POLITICIANS pledged to do everything within their power to see that the Grand Western Canal is repaired swiftly at a public meeting on Saturday.
Halberton residents were told their community spirit was needed more than ever in order to overcome the recent embankment collapse, which caused 80 million litres of water to flood into fields on the north side of the waterway.
The Grand Western Canal Rescue Fund was launched at the village hall on Saturday.
Neil Parish, MP for Tiverton and Honiton, and Devon county councillors Des Hannon and Ray Radford all pledged to do everything in they could to secure cash for the cause, which was met by rapturous applause.
Cllr Hannon, who represents Tiverton East, hopes to inject £10,000 which is left over from the county council's Exeter airport sale into the campaign. He said he does not want to see a huge hole in the canal on its milestone birthday in two years' time.
He added: "The fact we have this campaign going on really gives us a good idea as to what kind of community Halberton is because it is not just an accident that happened in the community, it happened to the community, and the community is part of the solution to this problem.
"I have never seen the canal do what it did on that day, it was like two substantial rivers and a biblical deluge that created the lake on John Browse's land.
"The emergency services, not unreasonably, found it very difficult to understand why a leaky canal was an emergency – one-tonne blocks of earth were flooding away into an abyss and people were standing on top of it.
"The biggest Godsend was that nobody was killed or seriously injured. The power of the water was ready to take peoples' lives. It was a terrifying day and well beyond anybody's job description."
Cllr Radford, for Willand and Uffculme, said: "I will make sure Devon County Council digs deep into its pockets because this is something that has got to be repaired – I will put some of my money into the fund."
Cllr Ken Browse, chairman of Halberton Parish Council, said the meeting was called to publicly thank those who prevented the "catastrophe from becoming a disaster" and to provide information on the repair operation.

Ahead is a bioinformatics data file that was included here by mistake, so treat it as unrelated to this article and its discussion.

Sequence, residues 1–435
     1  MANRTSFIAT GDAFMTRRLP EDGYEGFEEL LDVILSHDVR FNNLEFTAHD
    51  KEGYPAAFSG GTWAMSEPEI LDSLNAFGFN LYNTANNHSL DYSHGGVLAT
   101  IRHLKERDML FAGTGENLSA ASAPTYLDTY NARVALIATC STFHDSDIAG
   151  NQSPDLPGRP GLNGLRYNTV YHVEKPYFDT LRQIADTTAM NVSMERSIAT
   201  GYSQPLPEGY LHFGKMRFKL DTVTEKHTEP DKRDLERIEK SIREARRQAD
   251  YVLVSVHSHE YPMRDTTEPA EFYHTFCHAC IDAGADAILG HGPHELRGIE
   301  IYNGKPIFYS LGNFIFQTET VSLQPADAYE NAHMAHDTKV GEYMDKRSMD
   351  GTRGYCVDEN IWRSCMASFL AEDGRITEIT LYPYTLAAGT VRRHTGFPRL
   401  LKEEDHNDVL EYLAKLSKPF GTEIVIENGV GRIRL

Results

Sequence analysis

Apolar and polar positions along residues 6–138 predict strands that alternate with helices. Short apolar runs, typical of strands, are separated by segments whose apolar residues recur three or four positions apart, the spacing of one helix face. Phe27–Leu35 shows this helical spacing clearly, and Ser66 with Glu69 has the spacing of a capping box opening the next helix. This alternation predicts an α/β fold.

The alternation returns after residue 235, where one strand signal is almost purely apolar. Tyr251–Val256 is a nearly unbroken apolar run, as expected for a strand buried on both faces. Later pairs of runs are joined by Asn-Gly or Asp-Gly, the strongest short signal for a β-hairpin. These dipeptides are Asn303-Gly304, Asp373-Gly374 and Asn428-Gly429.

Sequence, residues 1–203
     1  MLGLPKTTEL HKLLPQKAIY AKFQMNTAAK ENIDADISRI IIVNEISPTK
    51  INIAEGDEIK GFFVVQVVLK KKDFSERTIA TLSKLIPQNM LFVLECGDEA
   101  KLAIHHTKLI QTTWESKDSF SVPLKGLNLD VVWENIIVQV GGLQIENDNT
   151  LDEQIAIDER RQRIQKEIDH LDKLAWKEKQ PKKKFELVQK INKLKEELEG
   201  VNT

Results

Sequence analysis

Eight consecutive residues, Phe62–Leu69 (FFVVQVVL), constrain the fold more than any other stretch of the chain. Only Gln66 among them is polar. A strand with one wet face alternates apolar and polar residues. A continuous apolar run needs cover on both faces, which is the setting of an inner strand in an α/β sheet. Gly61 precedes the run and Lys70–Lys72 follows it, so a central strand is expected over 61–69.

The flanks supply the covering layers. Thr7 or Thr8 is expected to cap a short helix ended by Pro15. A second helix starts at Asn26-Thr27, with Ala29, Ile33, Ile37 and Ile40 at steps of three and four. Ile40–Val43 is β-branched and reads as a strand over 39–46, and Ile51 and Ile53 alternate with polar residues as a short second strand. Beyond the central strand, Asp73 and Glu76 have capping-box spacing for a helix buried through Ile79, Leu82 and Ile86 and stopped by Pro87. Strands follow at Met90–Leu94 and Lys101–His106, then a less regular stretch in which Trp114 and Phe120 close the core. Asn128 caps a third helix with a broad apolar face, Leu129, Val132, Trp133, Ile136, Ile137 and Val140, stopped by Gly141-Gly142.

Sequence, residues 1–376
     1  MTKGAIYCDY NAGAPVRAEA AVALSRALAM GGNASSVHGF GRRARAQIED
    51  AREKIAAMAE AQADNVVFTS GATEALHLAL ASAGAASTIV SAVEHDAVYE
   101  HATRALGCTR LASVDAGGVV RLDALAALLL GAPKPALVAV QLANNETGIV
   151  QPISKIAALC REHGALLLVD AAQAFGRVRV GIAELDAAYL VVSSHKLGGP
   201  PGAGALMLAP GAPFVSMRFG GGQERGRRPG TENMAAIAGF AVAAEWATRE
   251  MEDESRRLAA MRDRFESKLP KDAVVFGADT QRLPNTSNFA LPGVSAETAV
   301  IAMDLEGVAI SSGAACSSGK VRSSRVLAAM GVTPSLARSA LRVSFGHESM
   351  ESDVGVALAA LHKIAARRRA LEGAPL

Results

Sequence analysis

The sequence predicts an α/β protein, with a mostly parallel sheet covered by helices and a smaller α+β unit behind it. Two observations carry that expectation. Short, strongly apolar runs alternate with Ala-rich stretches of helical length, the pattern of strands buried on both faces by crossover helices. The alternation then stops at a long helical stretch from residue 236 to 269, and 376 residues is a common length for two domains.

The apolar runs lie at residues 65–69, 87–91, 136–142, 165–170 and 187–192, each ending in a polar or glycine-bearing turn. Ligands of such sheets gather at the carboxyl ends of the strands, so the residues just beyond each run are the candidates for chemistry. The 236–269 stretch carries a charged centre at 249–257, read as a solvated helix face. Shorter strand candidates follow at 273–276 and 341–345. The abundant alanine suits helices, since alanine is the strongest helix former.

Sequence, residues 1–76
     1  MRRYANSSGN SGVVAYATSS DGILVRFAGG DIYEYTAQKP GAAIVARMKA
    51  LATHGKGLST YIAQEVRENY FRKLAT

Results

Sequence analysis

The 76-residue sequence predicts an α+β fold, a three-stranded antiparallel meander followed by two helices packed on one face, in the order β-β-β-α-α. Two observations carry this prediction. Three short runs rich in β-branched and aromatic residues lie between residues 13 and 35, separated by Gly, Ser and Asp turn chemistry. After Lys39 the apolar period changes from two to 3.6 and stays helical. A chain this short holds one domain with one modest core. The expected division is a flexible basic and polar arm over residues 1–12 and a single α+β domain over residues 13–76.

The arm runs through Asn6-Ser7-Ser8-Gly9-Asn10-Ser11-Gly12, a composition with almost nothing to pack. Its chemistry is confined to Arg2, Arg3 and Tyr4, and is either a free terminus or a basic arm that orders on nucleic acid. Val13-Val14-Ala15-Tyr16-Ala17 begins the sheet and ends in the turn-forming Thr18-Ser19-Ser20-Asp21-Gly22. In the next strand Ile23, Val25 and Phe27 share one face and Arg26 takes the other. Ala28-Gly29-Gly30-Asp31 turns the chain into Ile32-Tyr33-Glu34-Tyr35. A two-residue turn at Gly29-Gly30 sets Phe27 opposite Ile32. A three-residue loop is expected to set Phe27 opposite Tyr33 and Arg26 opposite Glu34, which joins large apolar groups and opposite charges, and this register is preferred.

He recently met Eric Pickles, Secretary of State for Communities and Local Government, who he showed last week's copy of the Tiverton Gazette, which featured a picture of the breach on its front page.
He thanked members of the farming community, police, the fire service, Devon County Council, and the Environment Agency for the risks they took in securing the affected stretch of the canal on Wednesday, November 21.
Nick Bott, chief engineer for Devon County Council, said the breach had been isolated, with water has kept behind dams either side of the hole.
Monitoring of any potential movement of the canal embankment will continue, but there had so far been no further issues.
He urged people to keep well away from the collapsed bank, and said the hole was clearly visible from a safe distance.
The lagoon formed by the leak was made up of between 50million and 80million litres of water at its peak but most of that has either drained away naturally or has been put back into the canal.
Geotechnical experts say it will be possible to repair the bank using some of the original material but an investigation will be carried out so a report can be drawn up for consideration by the council's cabinet in the next few weeks.
Canal ranger Mark Baker said fencing and signage near the site will be regularly checked to make sure people cannot put themselves at risk. A close eye will also be kept on the water levels, which are 10-12mm lower at the basin in Tiverton.
Engineer Kevin Dent said high volume fire service pumps reduced the depth of the lagoon significantly but work to remove 200 cubic metres of water a day continues around the clock.
He added: "I have been a civil engineer for 28 years and I have dealt with quite a lot of emergencies, but this was among the most stressful."
Halberton resident Rob Farley, operations and services director for the Met Office, said Devon was affected by relentless rainfall since April which lifted water table and saturated the ground.
During the peak of the storms across Devon, the Met Office said around 91mm and 79mm of rain fell between November 20 and 23 by weather stations at Dunkeswell and Exeter Airport respectively. The average rainfall for the entire month is 116mm.
Around 350 homes and business across the county were said to have suffered internal flooding, but it is thought this could be an "underestimate".
Mr Parish said: "Whatever troubles there are and when the chips are down, we get stuck in – I have every confidence we will get this done between us.
"Once we have got it back together, we will have to watch the water levels a little more than before. It was over-topping for a while and we didn't necessarily see the seriousness at the time but this is not the moment to go into why it happened. What we have got to do is fix it."
Phil Brind, managing director of the Canal Company based at the basin in Tiverton, said: "We don't have an option to not go ahead and repair it. The reason for that is the water comes from the other end of the canal and if repairs are not done it would be unsustainable to keep the Tiverton end alive – we have got to go ahead with the repair for the good of the canal and the good of the county."
Donations can be made at www.friendsgrandwesterncanal.org.uk.